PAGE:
I never really did, but I’m very open-minded. When I first started the business, I wasn’t specifically saying “I want to do movies, I want to do television.” I was just like, you know, “I want to do a little bit of everything, and see where my interests are the most, and what I like to do.”
In elementary school, this was really funny. The way our school system works down here, I have to do thee months in school, one month off the school. So you know, we’d get off in July, and then like, September again. So it was kind of cool, but during those months that I was off, what was on during the day was nothing but soap.
So I was always watching soaps, and then my mom would come in from the office and say, “What’re you watching?!” And I was like, “Nothing!” And it was actually cartoons. But that family really kind of watched soap operas, and then after that as you get older, you’re into the MTV and all the good stuff.
You know, to me at least, so far it’s such a different genre from primetime TV or films. What’s been most different about being on a soap set compared to a film set?
The intensity is a lot higher. Just from being on the movie Carolina, that I did actually before Dickie Roberts, and then being on Dickie Roberts. It’s very… you have maybe five scenes that you do a day, or maybe your own character in the movie that you have, but when it comes to soaps, it’s like, “All right, you’re on item two, but we’ve got 42 items to film today, so you better know your stuff.” I mean, you better.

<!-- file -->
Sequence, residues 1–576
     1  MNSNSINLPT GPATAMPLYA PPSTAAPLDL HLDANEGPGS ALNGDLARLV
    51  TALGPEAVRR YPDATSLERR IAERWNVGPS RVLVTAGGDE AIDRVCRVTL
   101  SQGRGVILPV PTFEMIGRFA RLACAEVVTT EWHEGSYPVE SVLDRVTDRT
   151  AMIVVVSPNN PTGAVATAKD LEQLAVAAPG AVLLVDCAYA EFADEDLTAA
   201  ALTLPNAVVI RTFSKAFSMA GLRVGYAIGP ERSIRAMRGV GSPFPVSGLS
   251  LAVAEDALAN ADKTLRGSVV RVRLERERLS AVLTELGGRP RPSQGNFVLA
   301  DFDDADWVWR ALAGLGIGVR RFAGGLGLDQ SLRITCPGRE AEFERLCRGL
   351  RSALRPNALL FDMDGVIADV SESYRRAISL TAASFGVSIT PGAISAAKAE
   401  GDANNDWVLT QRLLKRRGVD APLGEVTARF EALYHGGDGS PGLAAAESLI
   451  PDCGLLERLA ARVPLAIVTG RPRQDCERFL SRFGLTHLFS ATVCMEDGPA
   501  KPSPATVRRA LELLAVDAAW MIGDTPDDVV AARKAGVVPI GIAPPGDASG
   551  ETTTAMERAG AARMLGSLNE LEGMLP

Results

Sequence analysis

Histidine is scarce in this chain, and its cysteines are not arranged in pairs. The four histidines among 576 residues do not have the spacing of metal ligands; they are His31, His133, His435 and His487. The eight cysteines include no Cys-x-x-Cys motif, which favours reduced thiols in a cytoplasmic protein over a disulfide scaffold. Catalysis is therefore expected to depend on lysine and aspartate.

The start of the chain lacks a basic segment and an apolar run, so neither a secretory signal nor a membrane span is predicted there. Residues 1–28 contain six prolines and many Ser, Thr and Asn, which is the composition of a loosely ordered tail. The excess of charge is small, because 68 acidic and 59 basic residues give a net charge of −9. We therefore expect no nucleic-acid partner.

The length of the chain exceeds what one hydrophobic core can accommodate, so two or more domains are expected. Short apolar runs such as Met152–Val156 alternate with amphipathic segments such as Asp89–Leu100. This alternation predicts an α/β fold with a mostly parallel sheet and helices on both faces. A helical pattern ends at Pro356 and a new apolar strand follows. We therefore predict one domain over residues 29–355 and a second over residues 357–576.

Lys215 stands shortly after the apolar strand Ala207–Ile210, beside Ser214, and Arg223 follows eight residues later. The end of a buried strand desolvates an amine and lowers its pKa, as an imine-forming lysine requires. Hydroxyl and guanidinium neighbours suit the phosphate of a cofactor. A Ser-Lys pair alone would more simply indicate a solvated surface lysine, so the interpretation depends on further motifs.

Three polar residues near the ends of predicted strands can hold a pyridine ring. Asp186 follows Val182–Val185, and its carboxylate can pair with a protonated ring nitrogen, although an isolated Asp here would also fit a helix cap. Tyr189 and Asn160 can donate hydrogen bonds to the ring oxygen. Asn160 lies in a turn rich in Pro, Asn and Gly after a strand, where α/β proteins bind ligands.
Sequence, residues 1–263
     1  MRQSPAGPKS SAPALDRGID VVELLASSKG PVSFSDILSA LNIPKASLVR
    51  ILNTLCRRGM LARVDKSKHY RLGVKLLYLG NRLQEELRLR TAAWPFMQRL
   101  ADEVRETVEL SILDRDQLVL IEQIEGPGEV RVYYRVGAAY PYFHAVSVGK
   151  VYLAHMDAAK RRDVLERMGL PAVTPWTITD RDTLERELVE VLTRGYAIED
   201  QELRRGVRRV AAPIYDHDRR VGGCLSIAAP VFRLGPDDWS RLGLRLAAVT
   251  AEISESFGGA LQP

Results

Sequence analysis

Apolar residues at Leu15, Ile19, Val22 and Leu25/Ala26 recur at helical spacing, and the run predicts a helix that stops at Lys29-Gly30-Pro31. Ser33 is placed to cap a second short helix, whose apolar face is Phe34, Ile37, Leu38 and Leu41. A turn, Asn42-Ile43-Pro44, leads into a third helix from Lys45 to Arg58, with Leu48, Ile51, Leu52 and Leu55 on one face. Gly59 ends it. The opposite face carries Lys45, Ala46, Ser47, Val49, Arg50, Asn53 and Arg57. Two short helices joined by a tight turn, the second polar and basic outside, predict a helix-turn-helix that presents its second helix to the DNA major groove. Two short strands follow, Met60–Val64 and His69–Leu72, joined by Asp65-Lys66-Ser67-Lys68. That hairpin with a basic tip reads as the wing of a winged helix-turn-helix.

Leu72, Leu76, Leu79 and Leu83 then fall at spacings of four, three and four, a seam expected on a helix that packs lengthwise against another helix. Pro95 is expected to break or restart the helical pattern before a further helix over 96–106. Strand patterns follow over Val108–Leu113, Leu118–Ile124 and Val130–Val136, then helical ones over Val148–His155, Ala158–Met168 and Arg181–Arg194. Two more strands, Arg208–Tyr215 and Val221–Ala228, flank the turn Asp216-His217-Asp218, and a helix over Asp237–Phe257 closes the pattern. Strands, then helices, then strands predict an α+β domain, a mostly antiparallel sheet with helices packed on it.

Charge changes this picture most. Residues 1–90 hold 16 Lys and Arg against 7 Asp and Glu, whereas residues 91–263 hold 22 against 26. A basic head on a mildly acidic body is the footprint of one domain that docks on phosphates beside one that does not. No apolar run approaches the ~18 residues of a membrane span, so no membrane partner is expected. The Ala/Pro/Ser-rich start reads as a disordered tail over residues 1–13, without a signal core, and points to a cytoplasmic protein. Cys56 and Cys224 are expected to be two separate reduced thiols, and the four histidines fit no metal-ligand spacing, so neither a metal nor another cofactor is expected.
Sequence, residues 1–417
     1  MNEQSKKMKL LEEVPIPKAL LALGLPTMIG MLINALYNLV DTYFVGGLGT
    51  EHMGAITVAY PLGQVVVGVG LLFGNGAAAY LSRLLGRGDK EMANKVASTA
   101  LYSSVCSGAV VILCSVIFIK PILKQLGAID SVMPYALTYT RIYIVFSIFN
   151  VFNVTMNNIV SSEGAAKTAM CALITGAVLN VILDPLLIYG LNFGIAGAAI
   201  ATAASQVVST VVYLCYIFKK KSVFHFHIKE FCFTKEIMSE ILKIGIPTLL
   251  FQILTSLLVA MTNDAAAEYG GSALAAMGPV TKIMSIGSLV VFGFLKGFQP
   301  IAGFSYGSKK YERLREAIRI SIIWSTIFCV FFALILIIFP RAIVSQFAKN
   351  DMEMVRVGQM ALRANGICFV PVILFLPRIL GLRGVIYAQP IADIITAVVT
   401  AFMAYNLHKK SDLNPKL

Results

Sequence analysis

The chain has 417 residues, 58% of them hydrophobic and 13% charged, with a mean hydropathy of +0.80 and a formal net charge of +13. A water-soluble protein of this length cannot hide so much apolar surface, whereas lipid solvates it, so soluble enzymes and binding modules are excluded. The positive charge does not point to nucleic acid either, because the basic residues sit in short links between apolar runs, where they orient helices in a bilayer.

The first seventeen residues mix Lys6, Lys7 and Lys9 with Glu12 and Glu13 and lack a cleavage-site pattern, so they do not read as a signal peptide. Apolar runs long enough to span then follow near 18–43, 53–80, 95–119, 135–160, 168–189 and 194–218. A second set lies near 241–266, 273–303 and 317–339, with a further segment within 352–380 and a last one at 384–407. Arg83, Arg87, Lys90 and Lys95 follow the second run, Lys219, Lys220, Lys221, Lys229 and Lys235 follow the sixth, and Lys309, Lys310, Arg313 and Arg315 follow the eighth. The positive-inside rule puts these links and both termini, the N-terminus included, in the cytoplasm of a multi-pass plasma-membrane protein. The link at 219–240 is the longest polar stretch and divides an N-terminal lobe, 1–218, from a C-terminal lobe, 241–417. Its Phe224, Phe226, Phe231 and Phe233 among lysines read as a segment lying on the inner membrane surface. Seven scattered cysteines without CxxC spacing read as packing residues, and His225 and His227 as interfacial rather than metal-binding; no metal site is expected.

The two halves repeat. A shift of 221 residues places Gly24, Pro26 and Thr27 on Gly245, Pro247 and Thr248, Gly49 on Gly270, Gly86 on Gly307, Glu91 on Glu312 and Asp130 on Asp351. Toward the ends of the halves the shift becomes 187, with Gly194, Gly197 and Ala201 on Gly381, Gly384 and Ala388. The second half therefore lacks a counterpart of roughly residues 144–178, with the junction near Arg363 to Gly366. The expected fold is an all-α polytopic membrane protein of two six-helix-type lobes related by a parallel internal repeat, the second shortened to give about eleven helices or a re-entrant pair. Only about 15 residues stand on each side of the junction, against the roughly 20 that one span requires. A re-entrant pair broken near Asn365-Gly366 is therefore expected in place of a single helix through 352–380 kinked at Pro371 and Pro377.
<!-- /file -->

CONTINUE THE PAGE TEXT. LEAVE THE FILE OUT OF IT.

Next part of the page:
The intensity and the pressure to get everything done perfect is a lot harsher than it would be on the movie set. I look at this whole experience, I was talking with my costar Brent Weber and was like, “You know, soaps are like, really a great way for an actor to start out.” It’s like boot camp, you have 50 pages of dialog to memorize, but the next day you have 35. So I mean, you really have to be on top of yourself everyday after work.
It’s like coming home and having to do homework, you have to study for that next day, because you have to get up at 7 o’clock for hair and makeup. So it’s challenging, but once you get into it, you get the flow, the motion and you learn how you’re going to study your lines and what works for you becomes a lot easier.
Can you tell us a little bit about what’s coming up for the next couple of weeks for your character on All My Children?
What is coming up… oh goodness. See, I’m so lost because, okay, well, Colby and Josh have a little fling going, and Diva kind of gets in the middle of everything. Colby’s emotions are really being played with, and she has a lot on her plate right now with her family, with everything.
And then her own love relationship with JR, so everything’s kind of like… she’s being pulled so many different ways, that it’s a lot for a young girl of the age of 16 to handle. But the way that the writers are writing my character is very mature, so I liked it, how I’m understanding, I’m actually being the parent in most of the situations.
I’m giving my own parents advice on what to do. They’re not giving me advice because they’re acting a little more immature than I am, so that’s basically what’s coming up. I can’t say too much.
Are there any future projects outside the show for you? Or if not, where do you see your career going in the near future?
Right now, I’m really just focusing on what I have at All My Children, and that alone is a project in itself. We’re always getting new material, so there’s always something new to work on. The time and scheduling on the show is pretty rough, so for me, to do other auditions and stuff, it’s kind of hard.
When the opportunity does arrive, we try to work it out, but right now my main focus is All My Children and it will stay like that. That could tell whatever the future has to bring for me.
Alright Ambyr, I appreciate stopping by, and thanks for the time!
Well, thank you very much!
-Interview conducted by Oscar Dahl, BuddyTV Senior Writer
(Image courtesy of ABC)